The Foreign Service Journal, April 2021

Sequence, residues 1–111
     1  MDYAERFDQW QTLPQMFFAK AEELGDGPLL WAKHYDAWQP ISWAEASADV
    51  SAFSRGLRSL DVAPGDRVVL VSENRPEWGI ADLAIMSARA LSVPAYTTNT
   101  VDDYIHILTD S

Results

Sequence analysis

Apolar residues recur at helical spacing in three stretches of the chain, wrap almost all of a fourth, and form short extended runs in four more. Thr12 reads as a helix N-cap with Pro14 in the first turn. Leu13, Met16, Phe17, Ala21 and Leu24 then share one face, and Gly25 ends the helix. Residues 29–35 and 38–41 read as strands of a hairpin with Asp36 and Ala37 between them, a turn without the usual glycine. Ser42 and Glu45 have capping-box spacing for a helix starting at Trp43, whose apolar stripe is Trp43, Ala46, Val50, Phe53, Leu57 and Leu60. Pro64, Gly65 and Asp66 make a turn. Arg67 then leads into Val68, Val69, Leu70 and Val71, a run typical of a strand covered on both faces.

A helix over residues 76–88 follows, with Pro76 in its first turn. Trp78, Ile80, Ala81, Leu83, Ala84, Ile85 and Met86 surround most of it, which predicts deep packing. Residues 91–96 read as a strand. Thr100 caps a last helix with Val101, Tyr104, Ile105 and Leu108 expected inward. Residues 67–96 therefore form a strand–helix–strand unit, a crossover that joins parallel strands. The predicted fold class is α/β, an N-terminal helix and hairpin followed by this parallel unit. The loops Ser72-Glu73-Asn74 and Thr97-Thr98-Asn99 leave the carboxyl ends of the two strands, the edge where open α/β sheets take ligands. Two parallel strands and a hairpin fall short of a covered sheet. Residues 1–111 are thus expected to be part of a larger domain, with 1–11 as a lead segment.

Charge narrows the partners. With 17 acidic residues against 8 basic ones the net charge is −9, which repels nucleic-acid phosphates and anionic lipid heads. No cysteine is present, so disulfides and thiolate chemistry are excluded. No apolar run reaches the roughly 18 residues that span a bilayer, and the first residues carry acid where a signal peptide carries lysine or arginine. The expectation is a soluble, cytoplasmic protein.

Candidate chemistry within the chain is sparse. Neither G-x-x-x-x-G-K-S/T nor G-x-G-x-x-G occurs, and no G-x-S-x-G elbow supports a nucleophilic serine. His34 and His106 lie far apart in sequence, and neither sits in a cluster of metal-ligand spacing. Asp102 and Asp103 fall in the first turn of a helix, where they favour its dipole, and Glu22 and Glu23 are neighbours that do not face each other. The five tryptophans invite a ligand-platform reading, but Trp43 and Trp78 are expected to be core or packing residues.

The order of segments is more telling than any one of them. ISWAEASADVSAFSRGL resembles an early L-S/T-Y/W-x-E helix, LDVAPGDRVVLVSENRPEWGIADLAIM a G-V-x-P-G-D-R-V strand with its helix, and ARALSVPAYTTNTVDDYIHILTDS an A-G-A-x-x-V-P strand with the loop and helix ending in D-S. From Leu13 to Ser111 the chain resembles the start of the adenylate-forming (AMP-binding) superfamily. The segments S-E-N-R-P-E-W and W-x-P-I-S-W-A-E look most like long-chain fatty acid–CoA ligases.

70 APRIL 2021 | THE FOREIGN SERVICE JOURNAL RETIREMENT SUPPLEMENT John K. Naland served in the Foreign Service for 29 years, including as director of the Office of Retirement. In the five years since retiring, he has facilitated retirement planning seminars at the Foreign Service Institute. He is currently serving as AFSA retiree vice president. For Everyone 1. Beneficiary Designations. There are sad cases every year of benefits not going to the immediate next of kin because the employee or annuitant neglected to update their beneficiary designations after marriage, divorce or other relation- ship change. Federal survivor benefits are paid to whomever is designated on beneficiary designation forms, even if there are different instructions in the person’s will. The forms are TSP-3 (Thrift Savings Plan), SF-1152 (unpaid compen- sation for employees), DS-5002 (unpaid annuity for retirees) and SF-2823 (Fed- eral Employees’ Government Life Insur- ance, or FEGLI). Employees and retirees who need to revise their TSP-3 should send it to TSP as explained on the form. Employees needing to update other forms should submit them to their agency’s human resources office (State employees to . Foreign Service retirees from all agencies should submit D uring my service as director of the State Department’s Office of Retirement, I spent a lot of time assisting employees and retir- ees who were facing the delay or denial of some federal benefit due to their own failure to take necessary actions. While there is no need for you to spend weekends studying the Foreign Ser- vice Act and the Foreign Affairs Manual, you do owe it to yourself and your family to do due diligence in key areas. Below are a dozen common retirement benefits pitfalls and how to avoid them. What to do and what not to do when planning for life post-career. BY JOHN K . NALAND 12 Retirement Pitfalls to Avoid ISTOCKPHOTO.COM/ALEKSANDRAALEKSEEVA non-TSP forms to, except that retirees must send updated FEGLI beneficiary forms to the Office of Personnel Management as explained on the form. 2. TSP and Other Investments. Over the past 25 years, inflation has cut the purchasing power of each dollar in half. If you or your survivor anticipate draw- ing on your TSP savings or other invest- ments such as IRAs and mutual funds several decades from now, most experts recommend investing in funds contain- ing more stocks than bonds to increase your chances of generating long-term rates of return that outpace inflation. From time to time, you should review the stocks-versus-bonds bal- ance in your investments to make sure the balance is appropriate for your investment timeline and risk tolerance. Consider talking with a financial adviser before making a major financial move. A list of financial and tax advisers who have assisted Foreign Service members